by: Roger Dooley

Not long ago a press release went out with the provocative title, “Brain Works Like Google, New Study Finds.” More specifically, the news release claimed that the study showed that our brains choose brands from our memories using predictable unconscious rules, much like Google ranks sites using an algorithm:

“Brand choice turns out to be a largely unconscious process,” says Tjaco Walvis, who led the one-and-a-half-year study. “But in that process, the brain behaves much like Google. It seems to use a set of rules called an algorithm to pick the brand from our memory that best and most reliably fits our functional and emotional needs at that particular moment. It behaves rationally, but in an unconscious way…”

Based on the study, Mr. Walvis concludes that the brain’s “algorithm” for brand choice has three elements.

Firstly, the brain selects the brand it has learned is best able to satisfy our biological and cultural goals. We unconsciously select the brand that is the most uniquely rewarding, based on its associations with our goals and the brain’s reward centers (e.g. the dopamine system).

Secondly, the brain selects the brand that has shown most frequently in the past that it is able to fulfill these needs. Coherent brands that repeat their promise are more likely to be chosen. Volvo, Coca-Cola and Disney are examples of coherent brands.

Thirdly, the brain selects the brand it has interacted with most intensely in the past. Brand participation creates numerous new connections in our brain, facilitating that brand’s retrieval. Nike Plus is an example of strong participation concept. [From Marketwire.]”

Given my dual interests of neuromarketing and search engine optimization (SEO), I can hardly avoid discussing this topic. The actual paper that the press release is based on was published by the Journal of Brand Management: Three laws of branding: Neuroscientific foundations of effective brand building. Tjaco Walvis is the sole author. Walvis’s paper is an attempt to survey a wide variety of neuroscience-based studies on branding and form some conclusions from the common themes uncovered by other researchers.

Do We Choose Brands Like Google?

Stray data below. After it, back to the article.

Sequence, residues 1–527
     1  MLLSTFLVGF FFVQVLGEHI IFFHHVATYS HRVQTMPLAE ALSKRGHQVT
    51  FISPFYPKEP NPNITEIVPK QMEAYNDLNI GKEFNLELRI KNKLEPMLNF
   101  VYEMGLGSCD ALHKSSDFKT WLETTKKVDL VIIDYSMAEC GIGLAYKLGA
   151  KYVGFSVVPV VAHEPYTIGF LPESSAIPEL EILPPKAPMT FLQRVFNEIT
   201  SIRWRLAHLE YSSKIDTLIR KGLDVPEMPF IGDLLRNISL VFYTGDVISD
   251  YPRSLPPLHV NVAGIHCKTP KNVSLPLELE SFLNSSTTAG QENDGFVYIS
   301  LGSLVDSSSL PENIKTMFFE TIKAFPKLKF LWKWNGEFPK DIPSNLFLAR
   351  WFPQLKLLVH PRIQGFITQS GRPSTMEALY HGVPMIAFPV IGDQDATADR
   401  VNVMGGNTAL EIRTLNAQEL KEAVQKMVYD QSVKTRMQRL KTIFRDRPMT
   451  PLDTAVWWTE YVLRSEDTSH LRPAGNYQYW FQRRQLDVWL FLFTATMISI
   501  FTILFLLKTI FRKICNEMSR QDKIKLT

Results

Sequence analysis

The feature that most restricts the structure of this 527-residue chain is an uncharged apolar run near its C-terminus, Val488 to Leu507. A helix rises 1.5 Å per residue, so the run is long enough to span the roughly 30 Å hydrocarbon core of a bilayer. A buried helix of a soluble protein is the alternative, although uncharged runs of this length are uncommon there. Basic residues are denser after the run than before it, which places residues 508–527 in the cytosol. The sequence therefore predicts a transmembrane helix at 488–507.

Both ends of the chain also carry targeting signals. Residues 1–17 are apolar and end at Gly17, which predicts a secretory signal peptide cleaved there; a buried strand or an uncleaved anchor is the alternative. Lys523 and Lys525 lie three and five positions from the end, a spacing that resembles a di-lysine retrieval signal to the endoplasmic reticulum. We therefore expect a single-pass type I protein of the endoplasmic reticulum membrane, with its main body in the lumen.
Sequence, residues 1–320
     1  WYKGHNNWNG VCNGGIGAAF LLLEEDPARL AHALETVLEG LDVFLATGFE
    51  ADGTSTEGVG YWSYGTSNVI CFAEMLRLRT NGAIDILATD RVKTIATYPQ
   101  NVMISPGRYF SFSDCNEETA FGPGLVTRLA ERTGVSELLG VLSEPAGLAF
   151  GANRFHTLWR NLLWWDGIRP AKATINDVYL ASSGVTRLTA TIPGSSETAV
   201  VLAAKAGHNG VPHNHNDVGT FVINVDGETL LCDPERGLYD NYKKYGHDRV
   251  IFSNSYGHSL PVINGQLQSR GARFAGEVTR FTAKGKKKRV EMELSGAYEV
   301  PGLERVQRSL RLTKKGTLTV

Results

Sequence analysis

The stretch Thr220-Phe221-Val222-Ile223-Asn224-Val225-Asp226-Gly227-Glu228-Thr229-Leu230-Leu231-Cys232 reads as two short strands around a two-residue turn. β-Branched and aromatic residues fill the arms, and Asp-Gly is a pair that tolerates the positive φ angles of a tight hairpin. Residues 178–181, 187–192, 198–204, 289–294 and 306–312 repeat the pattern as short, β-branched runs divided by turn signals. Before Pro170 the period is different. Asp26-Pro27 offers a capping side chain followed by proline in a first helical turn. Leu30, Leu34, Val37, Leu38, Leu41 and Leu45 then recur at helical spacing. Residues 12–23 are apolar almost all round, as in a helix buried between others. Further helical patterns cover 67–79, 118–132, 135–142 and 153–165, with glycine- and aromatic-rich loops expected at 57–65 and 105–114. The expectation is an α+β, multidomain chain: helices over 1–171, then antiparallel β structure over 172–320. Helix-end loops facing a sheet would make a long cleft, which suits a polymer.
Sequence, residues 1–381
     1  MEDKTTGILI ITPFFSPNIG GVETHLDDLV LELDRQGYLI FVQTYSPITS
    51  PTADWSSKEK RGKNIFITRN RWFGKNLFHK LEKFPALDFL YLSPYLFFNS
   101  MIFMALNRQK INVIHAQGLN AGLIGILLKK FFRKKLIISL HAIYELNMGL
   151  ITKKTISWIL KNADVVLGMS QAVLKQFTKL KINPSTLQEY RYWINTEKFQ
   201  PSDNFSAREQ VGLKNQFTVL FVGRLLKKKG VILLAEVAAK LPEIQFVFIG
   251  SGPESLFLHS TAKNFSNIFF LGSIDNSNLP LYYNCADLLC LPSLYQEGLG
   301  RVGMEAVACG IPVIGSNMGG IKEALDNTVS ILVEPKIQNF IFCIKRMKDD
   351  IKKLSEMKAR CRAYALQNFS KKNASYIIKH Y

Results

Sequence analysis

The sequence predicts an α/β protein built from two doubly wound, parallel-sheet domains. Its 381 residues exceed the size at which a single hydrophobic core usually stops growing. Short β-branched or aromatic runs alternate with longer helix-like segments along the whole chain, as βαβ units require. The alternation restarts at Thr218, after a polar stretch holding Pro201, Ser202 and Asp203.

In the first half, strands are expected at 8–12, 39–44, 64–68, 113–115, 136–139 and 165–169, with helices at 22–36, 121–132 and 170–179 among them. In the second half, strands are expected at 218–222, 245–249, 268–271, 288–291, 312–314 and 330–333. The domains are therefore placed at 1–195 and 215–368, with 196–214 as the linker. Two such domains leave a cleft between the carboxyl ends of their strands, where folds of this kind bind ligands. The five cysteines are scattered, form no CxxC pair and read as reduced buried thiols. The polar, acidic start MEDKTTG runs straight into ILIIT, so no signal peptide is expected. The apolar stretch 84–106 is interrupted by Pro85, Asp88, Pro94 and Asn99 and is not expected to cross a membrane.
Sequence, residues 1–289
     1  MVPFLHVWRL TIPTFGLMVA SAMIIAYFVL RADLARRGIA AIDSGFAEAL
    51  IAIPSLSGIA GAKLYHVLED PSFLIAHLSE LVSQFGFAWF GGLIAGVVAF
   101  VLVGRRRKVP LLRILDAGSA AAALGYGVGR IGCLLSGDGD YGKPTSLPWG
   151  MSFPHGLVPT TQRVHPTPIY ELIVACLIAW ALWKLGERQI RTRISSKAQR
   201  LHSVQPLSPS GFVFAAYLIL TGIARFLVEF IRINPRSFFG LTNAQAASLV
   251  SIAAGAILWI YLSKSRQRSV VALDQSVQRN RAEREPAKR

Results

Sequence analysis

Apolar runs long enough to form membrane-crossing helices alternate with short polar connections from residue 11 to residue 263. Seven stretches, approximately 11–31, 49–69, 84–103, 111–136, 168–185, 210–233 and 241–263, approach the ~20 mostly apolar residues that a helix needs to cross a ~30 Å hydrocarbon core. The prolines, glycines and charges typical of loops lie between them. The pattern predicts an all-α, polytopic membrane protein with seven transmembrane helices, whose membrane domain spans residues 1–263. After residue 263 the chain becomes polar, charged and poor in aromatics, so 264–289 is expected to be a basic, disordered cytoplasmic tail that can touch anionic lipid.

So, is the Google comparison apt? The concept certainly has an appealing simplicity to it. Perhaps an even better question is whether brand selection comes down to three rules.

My take is that there IS some similarity to Google’s process for ranking pages, but perhaps not exactly in the way suggested by the press release.

First, I think that branding is just a part of an overall purchasing decision process. Product differences, pricing, convenience, and myriad other factors go into a buying decision. Branding can be a huge factor, of course, particularly when the products may be fairly interchangeable.

So, back to Google: they reportedly use up to 200 variables in their ranking algorithm. Some of that claim may be intended to make the algo seem more formidable than it actually is, but there is little doubt that the algorithm weighs a large number of factors of varying importance. The process for combining these factors in the brain vs. on Google’s servers may be quite different, but superficially one can say they are similar.

One difference is predictability. At the moment, given the same set of facts, Google spits out the same results just about every time. Our own human decision making processes are less predictable and might vary if repeated. Interestingly, if Google starts taking behavioral data into account in delivering results, those resuls might become more brain-like. For example, if Google remembers the last few sites you visited and uses that information to make your results more relevant, that might mimic the way our brain’s process is constantly affected by newly-acquired data.

One thing about analogies: they can be beaten to death. Before I get too far down that path, I’ll acknowledge that there are some superficial similarities to Google’ multi-variable algorithmic ranking process and the way our brains rapidly weigh a variety of remembered and current factors to choose a brand or arrive at a purchase decision. You can decide how far to push the analogy…

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